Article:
As an alternative, directed-energy weaponry could be the answer. These work by shooting lasers, microwaves or particle beams at a target. Depending on the type of energy used, these beams are capable of passing through walls and being invisible. The Active Denial System (ADS) is based on microwaves and works similarly to the microwave in your kitchen, by heating up water. Unlike your counter-top microwave, however, it is designed to be used on human targets, firing a 3.2 GHz beam to excite water and fat molecules, heating up skin to unbearable levels.

The idea is that the pain becomes too much to handle before it causes permanent damage, although in 0.01% of cases it has led to second-degree burns. ADS was previously deployed in Afghanistan in 2010 but was never used. This system probably couldn’t be used in an Iron Man suit as it requires a lot of power, making it very bulky. The original ADS had to be carried in a dedicated Humvee, meaning it probably won’t be at hand-held size for some time.

So technology is certainly well on its way to making me into a superhero, but are there people out there who have got lucky in the genetic lottery or picked up superpowers during their lifetime?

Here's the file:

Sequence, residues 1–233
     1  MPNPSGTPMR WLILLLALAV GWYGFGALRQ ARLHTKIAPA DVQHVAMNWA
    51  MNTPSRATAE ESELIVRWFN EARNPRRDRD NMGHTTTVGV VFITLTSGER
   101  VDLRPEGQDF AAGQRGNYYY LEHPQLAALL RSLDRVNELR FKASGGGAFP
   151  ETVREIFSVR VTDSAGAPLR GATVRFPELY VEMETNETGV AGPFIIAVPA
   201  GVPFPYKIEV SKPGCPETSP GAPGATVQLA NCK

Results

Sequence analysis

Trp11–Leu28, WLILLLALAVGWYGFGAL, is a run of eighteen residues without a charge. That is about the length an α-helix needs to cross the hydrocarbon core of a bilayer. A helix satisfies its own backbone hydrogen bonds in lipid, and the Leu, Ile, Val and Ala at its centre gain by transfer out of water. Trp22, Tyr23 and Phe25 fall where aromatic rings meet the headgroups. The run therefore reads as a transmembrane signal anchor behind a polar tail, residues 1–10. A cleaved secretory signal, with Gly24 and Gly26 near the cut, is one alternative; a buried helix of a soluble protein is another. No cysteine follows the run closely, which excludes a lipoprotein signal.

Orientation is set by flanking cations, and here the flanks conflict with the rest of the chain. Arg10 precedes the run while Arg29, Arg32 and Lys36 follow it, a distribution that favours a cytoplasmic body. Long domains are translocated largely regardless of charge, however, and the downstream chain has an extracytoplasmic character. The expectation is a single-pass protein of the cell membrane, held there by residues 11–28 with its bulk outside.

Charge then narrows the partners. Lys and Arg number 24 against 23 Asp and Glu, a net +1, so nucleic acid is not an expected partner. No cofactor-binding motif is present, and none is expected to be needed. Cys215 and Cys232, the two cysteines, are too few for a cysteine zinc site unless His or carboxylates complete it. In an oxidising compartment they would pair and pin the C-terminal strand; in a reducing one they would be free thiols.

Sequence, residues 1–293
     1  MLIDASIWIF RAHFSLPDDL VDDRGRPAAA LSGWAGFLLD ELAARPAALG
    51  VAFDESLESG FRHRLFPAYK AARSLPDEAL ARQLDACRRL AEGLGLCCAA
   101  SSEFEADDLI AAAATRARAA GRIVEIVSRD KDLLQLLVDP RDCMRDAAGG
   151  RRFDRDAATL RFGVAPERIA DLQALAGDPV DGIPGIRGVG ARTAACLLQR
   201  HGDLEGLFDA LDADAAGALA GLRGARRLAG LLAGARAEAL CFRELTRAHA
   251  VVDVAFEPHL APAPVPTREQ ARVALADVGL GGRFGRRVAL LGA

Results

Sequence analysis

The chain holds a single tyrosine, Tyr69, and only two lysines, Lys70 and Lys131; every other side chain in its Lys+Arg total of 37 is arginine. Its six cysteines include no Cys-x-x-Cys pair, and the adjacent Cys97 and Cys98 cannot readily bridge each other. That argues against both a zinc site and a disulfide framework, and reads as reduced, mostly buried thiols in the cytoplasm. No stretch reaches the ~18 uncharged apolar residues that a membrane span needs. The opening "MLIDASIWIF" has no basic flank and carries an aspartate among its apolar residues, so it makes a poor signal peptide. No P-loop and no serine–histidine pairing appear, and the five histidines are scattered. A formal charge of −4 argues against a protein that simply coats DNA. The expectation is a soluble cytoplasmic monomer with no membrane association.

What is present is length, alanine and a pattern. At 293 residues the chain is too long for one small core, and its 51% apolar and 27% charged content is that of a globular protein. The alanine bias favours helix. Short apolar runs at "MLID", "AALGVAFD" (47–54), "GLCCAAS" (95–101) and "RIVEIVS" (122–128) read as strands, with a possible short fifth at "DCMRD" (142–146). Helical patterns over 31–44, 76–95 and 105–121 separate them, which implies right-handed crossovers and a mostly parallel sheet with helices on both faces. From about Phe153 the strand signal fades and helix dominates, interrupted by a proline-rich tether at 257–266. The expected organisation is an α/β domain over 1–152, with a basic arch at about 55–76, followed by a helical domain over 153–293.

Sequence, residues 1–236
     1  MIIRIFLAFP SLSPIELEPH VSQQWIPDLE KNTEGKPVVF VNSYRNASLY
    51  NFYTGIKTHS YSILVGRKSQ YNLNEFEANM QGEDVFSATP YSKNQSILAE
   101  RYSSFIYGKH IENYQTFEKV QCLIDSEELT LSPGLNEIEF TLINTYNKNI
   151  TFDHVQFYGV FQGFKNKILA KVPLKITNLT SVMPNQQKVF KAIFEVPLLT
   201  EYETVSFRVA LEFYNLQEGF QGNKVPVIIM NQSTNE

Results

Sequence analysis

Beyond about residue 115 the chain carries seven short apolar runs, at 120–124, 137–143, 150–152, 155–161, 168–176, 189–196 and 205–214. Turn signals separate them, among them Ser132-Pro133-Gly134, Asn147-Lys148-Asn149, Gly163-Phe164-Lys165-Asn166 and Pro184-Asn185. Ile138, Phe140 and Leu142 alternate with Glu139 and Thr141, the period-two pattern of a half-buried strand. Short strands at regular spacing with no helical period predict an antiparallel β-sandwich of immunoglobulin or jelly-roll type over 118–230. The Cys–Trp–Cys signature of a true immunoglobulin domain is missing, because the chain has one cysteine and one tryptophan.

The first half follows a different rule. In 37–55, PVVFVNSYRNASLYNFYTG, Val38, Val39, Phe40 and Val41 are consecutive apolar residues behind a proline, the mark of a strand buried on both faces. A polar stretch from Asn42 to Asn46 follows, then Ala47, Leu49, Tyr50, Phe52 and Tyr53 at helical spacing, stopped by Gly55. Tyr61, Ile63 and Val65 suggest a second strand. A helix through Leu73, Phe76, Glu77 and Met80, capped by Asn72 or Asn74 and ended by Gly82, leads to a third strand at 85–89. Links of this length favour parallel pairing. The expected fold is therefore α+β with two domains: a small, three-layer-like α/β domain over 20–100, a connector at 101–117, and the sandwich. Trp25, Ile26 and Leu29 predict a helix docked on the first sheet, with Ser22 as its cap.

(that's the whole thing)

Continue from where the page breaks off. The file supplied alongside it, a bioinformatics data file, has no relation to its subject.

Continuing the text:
Super mutations

Many superheroes, such as the super-fast Flash, show superhuman endurance. Eero Mäntyranta won three Olympic gold medals for Finland in cross-country skiing. This is one of the most physically demanding endurance sports and uses every muscle group, requires massive oxygen consumption and burns more calories than other sports.

Mäntyranta had a mutation in the EPOR gene, which produces a protein that responds to erythropoietin (EPO) and causes more red blood cells to be produced, increasing the oxygen-carrying capacity of the blood. Because of this, EPO is banned by the World Anti-Doping Agency, but has been widely used in sports, particularly cycling. People with a mutation similar to Mäntyranta’s can carry up to 50% more oxygen in their blood, giving them a massive advantage over competitors without needing to dope.

Susan Storm’s husband and teammate Reed Richards, also known as Mr Fantastic, has a rubber-like body, capable of being stretched and formed into all kinds of shapes. Similar to this, Garry ‘Stretch’ Turner suffers from Ehlers-Danlos syndrome, caused by a mutation to the collagen synthesis pathway.

Collagen is responsible for the structure of connective tissue and skin, so defective collagen production can lead to weaker connective tissue. In Turner’s case, this has led to him being crowned Guinness World Record holder for the world’s stretchiest skin. People with Ehlers-Danlos syndrome can also have very flexible joints thanks to the weaker connective tissue, but it can lead to complications such as arthritis and joint pain, neither of which Mr Fantastic seems to have problems with.